A tort, such as a toxic tort, can be defined as a civil wrong committed by one party to another that causes property damage, personal injury, or another loss.
A toxic tort claim is when a personal injury resulted from exposure to a hazardous substance. This could include chemicals, pesticides, lead, asbestos, and toxic landfill waste. These lawsuits can be brought by individuals or groups; the latter can be defined as a class action lawsuit.
Plaintiffs will usually claim that their illnesses or injuries were caused by exposure to dangerous substances. Here are a few categories of different types of toxic tort cases:
Finding the root cause of the plaintiff’s damages in a case could take time, especially if the problems took years to develop, like in mesothelioma cases.
Plaintiffs and their legal teams must consider every entity that could be linked to the illness or injury. There could be more than one party responsible, including:
When getting started, it is essential to understand how state laws apply to the toxic tort case, including any applicable statutes of limitations.
During the evidence gathering stage, plaintiffs must focus on showing that they were exposed to the substance, that the substance was toxic, and that this resulted in harm to the plaintiff. This can be challenging since the exposure may have taken place over a long time period. To pursue toxic tort claims, plaintiffs can focus on the following:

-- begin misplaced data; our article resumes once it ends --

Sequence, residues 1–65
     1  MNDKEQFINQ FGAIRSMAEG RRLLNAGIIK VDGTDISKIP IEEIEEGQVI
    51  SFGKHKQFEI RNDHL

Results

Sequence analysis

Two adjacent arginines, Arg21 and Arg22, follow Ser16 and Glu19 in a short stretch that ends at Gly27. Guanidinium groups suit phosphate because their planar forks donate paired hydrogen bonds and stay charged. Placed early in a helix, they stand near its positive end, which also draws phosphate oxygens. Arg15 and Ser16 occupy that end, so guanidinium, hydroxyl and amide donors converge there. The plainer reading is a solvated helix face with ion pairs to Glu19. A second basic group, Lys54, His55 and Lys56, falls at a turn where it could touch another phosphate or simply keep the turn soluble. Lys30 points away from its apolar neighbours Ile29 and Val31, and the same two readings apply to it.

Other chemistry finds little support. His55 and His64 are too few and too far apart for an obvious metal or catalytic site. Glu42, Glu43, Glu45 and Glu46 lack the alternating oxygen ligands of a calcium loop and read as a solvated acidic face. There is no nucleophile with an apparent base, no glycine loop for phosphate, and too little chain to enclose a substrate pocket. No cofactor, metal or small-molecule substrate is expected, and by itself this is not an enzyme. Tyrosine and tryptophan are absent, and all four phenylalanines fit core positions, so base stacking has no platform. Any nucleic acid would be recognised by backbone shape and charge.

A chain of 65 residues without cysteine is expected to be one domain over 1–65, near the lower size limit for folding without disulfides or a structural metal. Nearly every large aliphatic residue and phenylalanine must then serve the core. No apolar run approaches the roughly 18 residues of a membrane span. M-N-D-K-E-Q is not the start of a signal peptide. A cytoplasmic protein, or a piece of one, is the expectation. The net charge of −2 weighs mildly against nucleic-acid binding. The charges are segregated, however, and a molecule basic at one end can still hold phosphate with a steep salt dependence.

Fraud: To establish a fraudulent claim, the plaintiff has to prove that the defendant had a duty to disclose about the toxic materials but neglected to do so. The plaintiff can allege that the defendant knew that the substance was hazardous but hid this fact. The plaintiff can also show that the defendant marketed and sold the substance as a safe product through the use of false or misleading information.
Strict Liability: Strict liability toxic tort cases are more straightforward. The plaintiff must verify to the court that the product or substance was defective. It must also be shown that the plaintiff was sickened or injured by the defect.
Negligence: For negligence claims, plaintiffs focus on proving that the defendant exhibited a negligent failure to research and investigate a chemical. Also, the plaintiff can attempt to prove that the defendant failed to warn consumers about these harms.
Having expert testimony, scientific studies, and guidance from an experienced toxic tort lawyer can also be very helpful when gathering evidence for a claim.
Filing a claim can be difficult, but you can trust our knowledgeable Delaware toxic tort lawyers at Jacobs & Crumplar, P.A. We will fight aggressively to get you the compensation you deserve. For a free consultation, call us at 302-656-5445 or contact us online. Located in Wilmington and Millsboro, Delaware, we serve clients throughout Dover, New Castle County, and Sussex County.